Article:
Troubled Venezuela Recovers Gold From Swap With Citigroup

Published by Goldbroker ™ | Jun 7, 2018 | Articles 2323

The central bank of Venezuela has paid $172 million to the American bank Citigroup to recover the gold it had swapped with the bank. According to Reuters, "the precious metal was previously provided by the central bank as collateral for a dollar loan".

Venezuela has used a part of its gold supply in recent years to take out dollar loans from foreign banks, but due to the new American sanctions, U.S. banks are no longer allowed to carry out these swaps.

As a result, Venezuela had no other option than to end the currency swap with Citigroup and to return the gold.

The reversal of this currency swap shows that Venezuela still managed to get enough dollars to repay the loan.

“Citibank got paid,” said a local finance industry source familiar with the negotiation who asked not to be identified.

“The policy is to recover the gold,” added a second source consulted.

The country however is still in trouble, because the American sanctions made it almost impossible for companies and financial institutions in Venezuela to do business via American banks.

Crisis in Venezuela

Venezuela has ended up in a severe financial crisis due to a combination of low oil prices and a failed economic policy. The oil price has recovered to some extent, but the Latin American country is hardly benefiting from this. Due to the crisis, there was little investment in the oil industry, resulting in a decrease in oil production. This makes it even more difficult to restore the balance of payments.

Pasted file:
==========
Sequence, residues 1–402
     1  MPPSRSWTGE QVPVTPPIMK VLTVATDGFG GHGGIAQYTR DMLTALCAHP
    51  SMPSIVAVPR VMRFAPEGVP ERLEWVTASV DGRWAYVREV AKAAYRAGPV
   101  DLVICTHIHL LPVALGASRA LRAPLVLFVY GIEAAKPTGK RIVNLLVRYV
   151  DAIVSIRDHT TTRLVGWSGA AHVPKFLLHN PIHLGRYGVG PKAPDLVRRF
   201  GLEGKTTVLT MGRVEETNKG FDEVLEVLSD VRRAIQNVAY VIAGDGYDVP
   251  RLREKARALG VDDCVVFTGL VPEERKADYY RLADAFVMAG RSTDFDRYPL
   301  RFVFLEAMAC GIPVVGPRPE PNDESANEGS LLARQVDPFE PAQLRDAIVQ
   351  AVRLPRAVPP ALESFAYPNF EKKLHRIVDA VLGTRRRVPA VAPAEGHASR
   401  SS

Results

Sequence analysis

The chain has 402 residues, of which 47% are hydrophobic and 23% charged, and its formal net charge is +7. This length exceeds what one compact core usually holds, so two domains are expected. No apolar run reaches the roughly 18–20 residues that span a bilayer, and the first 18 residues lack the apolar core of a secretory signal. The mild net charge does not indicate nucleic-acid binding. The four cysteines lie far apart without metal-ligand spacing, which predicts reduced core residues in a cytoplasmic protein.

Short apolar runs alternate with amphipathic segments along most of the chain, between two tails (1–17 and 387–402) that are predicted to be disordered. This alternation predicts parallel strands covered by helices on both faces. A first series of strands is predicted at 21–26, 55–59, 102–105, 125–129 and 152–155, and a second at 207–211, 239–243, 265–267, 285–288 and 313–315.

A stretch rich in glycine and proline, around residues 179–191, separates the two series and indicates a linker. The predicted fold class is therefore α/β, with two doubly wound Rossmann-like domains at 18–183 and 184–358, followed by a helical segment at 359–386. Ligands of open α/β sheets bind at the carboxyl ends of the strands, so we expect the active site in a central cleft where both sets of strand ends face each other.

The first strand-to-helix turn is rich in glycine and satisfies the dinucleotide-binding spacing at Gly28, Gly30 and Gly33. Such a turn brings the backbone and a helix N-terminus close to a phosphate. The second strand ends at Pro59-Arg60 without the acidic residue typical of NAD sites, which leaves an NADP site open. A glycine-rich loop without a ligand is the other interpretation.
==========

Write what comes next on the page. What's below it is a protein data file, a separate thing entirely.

Venezuela is strongly dependent on dollars for its imports, but due to the declining oil revenues, the flow of dollars became increasingly scarce. The problem was so bad that the central bank started to offer their gold as collateral to various banks, in exchange for dollar loans. The central bank made a similar deal with Deutsche Bank in order to get dollars from their gold hoard.

Due to the financial crisis in Venezuela, the gold reserves of the country declined by over 50 percent in a few years, from around 360 tonnes in 2014 to just 150 tonnes at the end of 2017.

 

 

The central bank had to use part of its gold supply to pay for imported goods.


Original source: Zero Hedge


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